- The current Sonata isn't selling nearly as well as the generation before it due to both the decline of the sedan segment's popularity and because the styling became more conservative.
- The swoopy styling of the sixth-generation Sonata made it a hot seller in an otherwise boring segment. The current car (seventh-generation) looked more refined but lost its daring styling cues.
Hyundai apparently didn't get the memo that the public doesn't exactly care about sedans anymore because they just released photos of their new Sonata, and boy is it a looker. The redesign for 2020 is all-new, and it's the most sophisticated and attractive iteration of the sedan we've ever laid eyes on. Hyundai wants
With an aggressive fascia that shows off the cascading grille, four-lens wraparound LED headlights, deep hood creases, and some very unique LED Daytime Running Light elements in the hood. The swoopy body also includes great fender bulges, and a fastback-like rear roofline that tapers into a large trunk spoiler and one of the best rear ends in the sedan segment.
Those hood DRLs actually look like chrome strips when turned off but illuminate when activated, giving
The body crease that runs along the beltline is deep and sculpted, and it blends nicely into the tail section. The rear lights have a boomerang shape and are unified with the dramatic, almost 1970s Porsche 911 RS-like ducktail spoiler. We also love the fact that the fastback-style roofline doesn't eliminate the trunk and take on a hatchback-like cargo section. This preserves the true sedan form, and it works well here.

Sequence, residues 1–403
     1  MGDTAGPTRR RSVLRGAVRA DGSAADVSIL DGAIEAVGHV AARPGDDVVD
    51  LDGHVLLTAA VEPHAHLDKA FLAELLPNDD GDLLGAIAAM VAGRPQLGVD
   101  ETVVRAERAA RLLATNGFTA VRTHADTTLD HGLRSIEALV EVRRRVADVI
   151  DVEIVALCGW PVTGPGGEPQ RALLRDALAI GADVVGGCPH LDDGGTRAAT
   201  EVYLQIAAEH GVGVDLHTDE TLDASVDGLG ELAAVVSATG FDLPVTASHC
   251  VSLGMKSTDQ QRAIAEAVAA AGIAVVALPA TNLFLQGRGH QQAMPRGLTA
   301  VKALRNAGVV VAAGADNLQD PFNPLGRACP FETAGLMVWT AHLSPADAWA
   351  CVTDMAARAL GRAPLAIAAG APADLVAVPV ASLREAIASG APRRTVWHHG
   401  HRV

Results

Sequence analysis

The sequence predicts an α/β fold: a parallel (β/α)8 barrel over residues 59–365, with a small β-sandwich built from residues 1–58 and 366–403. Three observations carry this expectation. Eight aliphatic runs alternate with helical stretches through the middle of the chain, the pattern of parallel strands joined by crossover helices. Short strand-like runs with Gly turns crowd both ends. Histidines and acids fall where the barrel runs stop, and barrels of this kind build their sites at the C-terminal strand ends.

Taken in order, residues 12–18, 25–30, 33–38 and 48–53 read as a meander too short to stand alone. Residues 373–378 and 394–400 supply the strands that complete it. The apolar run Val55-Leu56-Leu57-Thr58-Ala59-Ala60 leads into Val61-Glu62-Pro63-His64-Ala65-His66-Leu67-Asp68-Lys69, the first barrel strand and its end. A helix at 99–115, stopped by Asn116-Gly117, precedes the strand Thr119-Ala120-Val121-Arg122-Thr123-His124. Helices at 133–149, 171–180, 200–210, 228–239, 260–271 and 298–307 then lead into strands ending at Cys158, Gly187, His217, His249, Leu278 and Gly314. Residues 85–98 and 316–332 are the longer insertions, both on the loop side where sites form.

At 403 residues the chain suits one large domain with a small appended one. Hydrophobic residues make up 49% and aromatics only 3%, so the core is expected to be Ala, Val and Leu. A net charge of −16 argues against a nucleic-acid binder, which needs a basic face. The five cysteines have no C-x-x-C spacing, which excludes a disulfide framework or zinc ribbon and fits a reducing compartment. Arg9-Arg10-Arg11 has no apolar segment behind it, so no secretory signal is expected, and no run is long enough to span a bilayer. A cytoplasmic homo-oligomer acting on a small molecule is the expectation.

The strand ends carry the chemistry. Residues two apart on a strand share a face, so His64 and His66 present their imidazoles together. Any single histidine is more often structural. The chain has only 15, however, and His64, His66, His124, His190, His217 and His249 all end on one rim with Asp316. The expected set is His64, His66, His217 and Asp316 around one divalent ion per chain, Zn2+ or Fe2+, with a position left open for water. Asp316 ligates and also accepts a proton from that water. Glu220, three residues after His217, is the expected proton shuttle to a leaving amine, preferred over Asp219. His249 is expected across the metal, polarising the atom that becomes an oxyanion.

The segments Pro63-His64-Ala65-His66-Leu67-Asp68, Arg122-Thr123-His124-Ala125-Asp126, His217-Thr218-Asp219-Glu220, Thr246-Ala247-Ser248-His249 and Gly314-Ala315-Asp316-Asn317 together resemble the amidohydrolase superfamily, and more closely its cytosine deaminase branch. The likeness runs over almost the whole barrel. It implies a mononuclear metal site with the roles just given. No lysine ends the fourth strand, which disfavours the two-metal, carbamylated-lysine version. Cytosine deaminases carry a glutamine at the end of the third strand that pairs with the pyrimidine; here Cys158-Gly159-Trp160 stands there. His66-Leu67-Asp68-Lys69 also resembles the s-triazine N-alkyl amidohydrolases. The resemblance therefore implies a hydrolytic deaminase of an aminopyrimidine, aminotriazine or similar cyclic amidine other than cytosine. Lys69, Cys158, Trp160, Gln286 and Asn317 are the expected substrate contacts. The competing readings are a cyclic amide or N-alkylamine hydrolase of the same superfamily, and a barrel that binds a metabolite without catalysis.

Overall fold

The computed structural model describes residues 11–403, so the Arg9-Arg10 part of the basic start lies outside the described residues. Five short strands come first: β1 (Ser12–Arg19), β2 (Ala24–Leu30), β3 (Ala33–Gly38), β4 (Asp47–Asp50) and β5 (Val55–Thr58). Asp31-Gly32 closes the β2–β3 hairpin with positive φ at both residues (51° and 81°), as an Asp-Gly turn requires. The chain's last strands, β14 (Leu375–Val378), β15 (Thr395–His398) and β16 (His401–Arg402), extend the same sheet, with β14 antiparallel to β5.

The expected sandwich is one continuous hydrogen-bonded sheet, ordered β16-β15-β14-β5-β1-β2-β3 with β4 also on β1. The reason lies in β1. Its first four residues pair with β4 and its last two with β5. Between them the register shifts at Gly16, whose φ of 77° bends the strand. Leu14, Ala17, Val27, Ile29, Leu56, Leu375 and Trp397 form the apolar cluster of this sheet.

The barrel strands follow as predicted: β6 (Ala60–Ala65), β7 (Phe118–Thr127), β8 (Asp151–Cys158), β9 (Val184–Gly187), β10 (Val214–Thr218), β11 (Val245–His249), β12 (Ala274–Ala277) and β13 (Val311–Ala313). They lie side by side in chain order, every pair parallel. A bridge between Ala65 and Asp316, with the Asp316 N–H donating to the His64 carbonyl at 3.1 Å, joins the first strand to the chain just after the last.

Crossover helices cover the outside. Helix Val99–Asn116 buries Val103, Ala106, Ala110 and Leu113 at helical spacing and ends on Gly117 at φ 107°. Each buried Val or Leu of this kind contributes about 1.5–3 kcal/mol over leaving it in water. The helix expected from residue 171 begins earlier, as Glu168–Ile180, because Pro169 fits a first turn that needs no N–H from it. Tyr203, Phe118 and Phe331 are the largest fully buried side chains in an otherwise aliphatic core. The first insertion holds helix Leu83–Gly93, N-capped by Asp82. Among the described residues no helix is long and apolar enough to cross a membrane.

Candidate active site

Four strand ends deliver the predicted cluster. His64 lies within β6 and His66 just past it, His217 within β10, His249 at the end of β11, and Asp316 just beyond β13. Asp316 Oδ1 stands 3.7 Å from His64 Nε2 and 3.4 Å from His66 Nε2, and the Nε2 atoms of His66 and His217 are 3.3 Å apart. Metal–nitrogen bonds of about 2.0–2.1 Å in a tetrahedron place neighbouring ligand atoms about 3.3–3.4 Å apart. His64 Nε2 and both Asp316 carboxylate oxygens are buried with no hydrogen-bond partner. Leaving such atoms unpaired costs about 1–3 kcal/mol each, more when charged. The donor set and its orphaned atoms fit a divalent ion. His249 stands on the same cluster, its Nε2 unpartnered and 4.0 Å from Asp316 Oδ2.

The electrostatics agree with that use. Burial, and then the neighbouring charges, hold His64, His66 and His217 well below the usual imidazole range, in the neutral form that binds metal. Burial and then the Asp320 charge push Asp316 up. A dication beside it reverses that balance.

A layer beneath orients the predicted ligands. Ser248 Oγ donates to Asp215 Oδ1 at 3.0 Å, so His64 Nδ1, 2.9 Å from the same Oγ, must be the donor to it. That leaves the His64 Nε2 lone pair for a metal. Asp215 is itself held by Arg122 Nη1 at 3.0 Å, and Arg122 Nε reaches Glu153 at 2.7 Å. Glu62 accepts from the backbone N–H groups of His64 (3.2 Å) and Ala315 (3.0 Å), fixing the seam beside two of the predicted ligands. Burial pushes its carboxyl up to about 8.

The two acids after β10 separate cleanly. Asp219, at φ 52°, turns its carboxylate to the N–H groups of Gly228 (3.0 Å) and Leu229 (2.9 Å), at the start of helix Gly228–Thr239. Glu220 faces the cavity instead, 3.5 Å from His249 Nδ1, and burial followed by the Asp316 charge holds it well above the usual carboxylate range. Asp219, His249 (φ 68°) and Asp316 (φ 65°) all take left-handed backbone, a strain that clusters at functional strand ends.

The car is bigger than the one it will replace. It's longer, wider, but lower than the 2019 version. It gains 1.4 inches of wheelbase for more room, 1.7 inches in overall length, and 1 inch in width. The car is lower by 1.2 inches, and the overall result is more aggression in the car's appearance, which is a nice departure from the current car.
Inside, expect nearly as many changes as the exterior gets. The dash is more elegant with the touchscreen set into the dash rather than sitting atop. The HVAC vents are slim and in line with one another like the current Mazda6's. Then there's the rather interesting four-spoke steering wheel, which we can't say we're huge fans of. Most significantly, the Sonata ditches its traditional gearshift knob and replaces it with a pushbutton version. We'll have to drive to see if it's better than Honda's, which wouldn't take much. Finally, we get a glimpse of the seat stitch pattern, which is unique if not attractive.
The all-new 2020 Hyundai Sonata will debut at the New York Auto Show next month, and more details about trims levels, tech, engine options, etc. will be revealed, as well. The most important thing to note is how much effort Hyundai has clearly put into its new family sedan in order to set it apart from the pack and return it to its beloved styling status of the last-generation car. We love what the brand is doing, and people are taking notice.